This Week in Blu-ray is all about the unexpected. I expected to put Christopher Nolan’s breakout drama Memento on page one as my pick of the week, but was swayed instantly and heavily by the latest contemporary classic being added to the Criterion Collection. I’ve also found comfort in another season of Weeds, even though it’s not the best work of the Botwin clan. We also dig deep into some intentional schlock-and-awe, pull the rug out from under the latest Galifianakis joint, explore the crisis in America’s public schools and without warning, I sing to you. Yes, dear readers of the high definition affliction, I bet you didn’t expect me to break out into song, did you?
Most people know The Criterion Collection for their work in the realm of classic films — restorations, remasterings and the cataloging of cinema history’s most important works. So when they take a contemporary film and add it to their collection, you know that’s something special. Take Andrea Arnold’s Fish Tank, a tough-as-nails portrait of a girl on the cusp of womanhood, dealing with life in the housing projects of Essex, forced to live in close quarters with Michael Fassbender. In all honesty, I would probably try to sleep with that man if given the chance. Alas, that’s not part of the equation here, so I’ll tell you what is. A quality film, a meticulously crafted presentation (as only Criterion can deliver) and plenty of extras, including three short films from director Andrea Arnold (including her Oscar winning short Wasp). The film itself would be worth owning, but the Criterion treatment makes it come alive as the definitive, indisputable pick of the week — and perhaps the pick of the month.
Memento: 10th Anniversary Edition
Oh, this is a delicious little treat, is it not? Had it not been for the stunner Fish Tank swooping in from Criterion, Christopher Nolan’s breakout film would have been the Pick of the Week. In fact, I’d reach far enough to say that it’s the co-Pick of the Week in a week that is full of great stuff to buy and watch. In this 10th anniversary special edition, we not only get Memento in beautiful HD glory, we also get a brand new featurette with Chris Nolan talking about the legacy of the film, an audio commentary track from one of Hollywood’s most intelligent and calculated filmmakers and the original short story, Anatomy of a Scene. Did I mention the fact that the movie is also included, in beautifully mastered high definition? I think we’re done here. Write yourself a note on your arm if you need, but buying Memento this week is mandatory for admission to next week’s column.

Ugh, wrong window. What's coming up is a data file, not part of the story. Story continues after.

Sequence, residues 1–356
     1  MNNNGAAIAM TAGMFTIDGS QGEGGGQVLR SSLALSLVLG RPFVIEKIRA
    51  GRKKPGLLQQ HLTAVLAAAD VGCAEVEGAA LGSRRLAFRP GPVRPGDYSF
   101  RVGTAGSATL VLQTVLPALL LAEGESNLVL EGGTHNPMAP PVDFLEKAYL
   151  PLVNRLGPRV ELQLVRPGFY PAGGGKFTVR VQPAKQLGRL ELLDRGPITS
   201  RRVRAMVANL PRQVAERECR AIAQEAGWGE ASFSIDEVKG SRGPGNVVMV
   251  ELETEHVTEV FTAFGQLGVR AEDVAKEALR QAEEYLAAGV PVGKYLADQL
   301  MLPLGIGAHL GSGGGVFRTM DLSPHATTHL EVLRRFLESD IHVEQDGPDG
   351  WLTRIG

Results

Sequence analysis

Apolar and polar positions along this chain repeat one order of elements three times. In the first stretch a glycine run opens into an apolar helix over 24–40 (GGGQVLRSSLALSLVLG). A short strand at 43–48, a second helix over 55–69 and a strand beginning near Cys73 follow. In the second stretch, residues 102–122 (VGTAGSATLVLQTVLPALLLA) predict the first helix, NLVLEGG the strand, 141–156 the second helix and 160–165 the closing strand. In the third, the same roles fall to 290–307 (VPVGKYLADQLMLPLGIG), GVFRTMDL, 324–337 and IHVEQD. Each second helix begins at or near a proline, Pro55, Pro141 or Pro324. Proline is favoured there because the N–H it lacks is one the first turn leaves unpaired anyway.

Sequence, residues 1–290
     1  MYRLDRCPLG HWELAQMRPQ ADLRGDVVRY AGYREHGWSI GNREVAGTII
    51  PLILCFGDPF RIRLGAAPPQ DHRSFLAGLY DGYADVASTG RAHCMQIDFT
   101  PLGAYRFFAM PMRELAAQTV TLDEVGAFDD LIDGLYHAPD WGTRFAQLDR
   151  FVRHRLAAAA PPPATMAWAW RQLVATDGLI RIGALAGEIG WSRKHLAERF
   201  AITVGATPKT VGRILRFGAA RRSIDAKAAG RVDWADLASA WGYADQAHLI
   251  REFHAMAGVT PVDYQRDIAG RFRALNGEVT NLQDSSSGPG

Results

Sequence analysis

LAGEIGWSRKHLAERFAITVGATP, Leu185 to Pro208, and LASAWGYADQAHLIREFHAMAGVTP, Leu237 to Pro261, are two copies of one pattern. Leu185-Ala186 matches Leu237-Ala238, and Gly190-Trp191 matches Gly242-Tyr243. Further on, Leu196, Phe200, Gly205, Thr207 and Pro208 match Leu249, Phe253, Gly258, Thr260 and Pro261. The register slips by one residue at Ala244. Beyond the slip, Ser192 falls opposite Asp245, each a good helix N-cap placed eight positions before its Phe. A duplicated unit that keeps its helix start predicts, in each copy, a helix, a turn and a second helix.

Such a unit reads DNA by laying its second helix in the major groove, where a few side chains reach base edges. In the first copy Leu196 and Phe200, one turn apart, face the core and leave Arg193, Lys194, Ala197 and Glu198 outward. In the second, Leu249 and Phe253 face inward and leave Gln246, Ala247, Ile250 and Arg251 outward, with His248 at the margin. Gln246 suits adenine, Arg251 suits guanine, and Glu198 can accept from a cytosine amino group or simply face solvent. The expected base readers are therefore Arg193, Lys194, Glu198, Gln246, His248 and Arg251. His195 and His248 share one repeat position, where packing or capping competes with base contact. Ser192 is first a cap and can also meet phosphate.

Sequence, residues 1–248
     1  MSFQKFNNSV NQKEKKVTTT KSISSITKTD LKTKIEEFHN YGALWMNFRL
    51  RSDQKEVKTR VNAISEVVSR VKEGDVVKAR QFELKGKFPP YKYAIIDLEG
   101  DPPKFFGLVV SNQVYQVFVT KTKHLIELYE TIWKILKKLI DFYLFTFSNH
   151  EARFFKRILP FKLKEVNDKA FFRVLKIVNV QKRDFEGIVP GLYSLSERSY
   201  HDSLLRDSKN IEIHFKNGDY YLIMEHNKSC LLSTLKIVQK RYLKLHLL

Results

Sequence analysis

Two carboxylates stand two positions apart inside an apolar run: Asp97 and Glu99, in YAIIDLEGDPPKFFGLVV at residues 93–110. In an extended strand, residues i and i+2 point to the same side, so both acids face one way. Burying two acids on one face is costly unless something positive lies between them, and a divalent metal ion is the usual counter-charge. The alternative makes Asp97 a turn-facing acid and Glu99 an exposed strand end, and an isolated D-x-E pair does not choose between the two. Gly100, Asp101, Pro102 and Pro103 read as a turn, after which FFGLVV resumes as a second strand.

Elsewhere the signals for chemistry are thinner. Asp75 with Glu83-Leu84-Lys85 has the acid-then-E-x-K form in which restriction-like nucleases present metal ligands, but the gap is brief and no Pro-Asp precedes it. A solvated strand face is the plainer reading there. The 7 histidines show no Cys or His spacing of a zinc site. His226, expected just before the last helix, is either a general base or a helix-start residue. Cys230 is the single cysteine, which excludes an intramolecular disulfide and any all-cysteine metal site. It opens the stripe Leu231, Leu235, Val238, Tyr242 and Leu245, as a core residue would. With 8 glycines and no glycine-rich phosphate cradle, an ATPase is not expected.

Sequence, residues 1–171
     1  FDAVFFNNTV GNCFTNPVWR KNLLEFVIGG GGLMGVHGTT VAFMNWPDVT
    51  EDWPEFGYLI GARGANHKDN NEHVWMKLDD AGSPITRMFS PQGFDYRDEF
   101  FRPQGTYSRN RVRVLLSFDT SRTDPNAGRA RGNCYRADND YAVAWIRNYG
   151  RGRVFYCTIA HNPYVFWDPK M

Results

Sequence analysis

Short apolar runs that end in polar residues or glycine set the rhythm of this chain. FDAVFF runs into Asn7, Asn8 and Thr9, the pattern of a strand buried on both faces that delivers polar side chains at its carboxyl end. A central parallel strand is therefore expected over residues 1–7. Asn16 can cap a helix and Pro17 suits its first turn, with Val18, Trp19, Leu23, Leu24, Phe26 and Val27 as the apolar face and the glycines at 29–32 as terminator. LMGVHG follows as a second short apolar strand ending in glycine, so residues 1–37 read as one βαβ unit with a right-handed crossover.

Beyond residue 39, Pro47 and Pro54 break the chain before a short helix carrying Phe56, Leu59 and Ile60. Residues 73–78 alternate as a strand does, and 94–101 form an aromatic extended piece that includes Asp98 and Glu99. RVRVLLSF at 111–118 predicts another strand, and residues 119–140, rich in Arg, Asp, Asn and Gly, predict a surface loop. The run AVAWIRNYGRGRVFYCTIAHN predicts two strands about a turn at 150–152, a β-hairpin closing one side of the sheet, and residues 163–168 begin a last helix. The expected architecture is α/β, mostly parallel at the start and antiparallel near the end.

Weeds: Season Six
Even at her most mediocre (read: this past season) I cannot get enough of one Nancy Botwin. Even as she takes her family on the run, gives them a new name (Hello, Newmans) and falls into a similar pattern of drug-related shenanigans, there’s something about the way Mary-Louise Parker plays Nancy — she’s the most effortlessly lovable, terrible person on television. And as usual, she gets a solid treatment on Blu-ray. Call me a completist (I am, most of the time), but I can’t imagine a world in which I’m not able to watch a Justin Kirk/Kevin Nealon-led featurette and listen to a few episodes of Jenji Kohan commentary tracks while I watch the Botwin family continue their destructive ways in glorious high definition. But as the world of TV on DVD (and Blu) goes, you will already know if you are going to pick this one up. If you’re invested in the show, season six is worth the money. If not, why haven’t you started with season one yet?
The Last Unicorn
Talk about a blast from the past. So far past that it’s beyond the date of my birth, but not forgotten is The Last Unicorn with its colorful animation and that America soundtrack — oh that America soundtrack. Somewhere in the waning days of the 1970s, a team of people on a great many drugs put this one together. It’s a touching story, worthy of being seen by a new generation — so here’s your chance. The Blu-ray transfer is the result of a good ole’ college try, but its roughness wreaks of the VHS era. For some that will add an element of nostalgia, for others it will be an annoyance of the “why doesn’t this look like a Pixar movie?!” variety. To the latter, I have no help for you. To the former, I say pick this up and store it away for a rainy day spent with the kids you don’t yet have. The Blu-ray/DVD combo pack has a motherload of extras that add ever-important value and it’s all wrapped in a package that will deliver the nostalgia bomb you didn’t even know you needed. In the distance, here the laughter… of the last unicorn!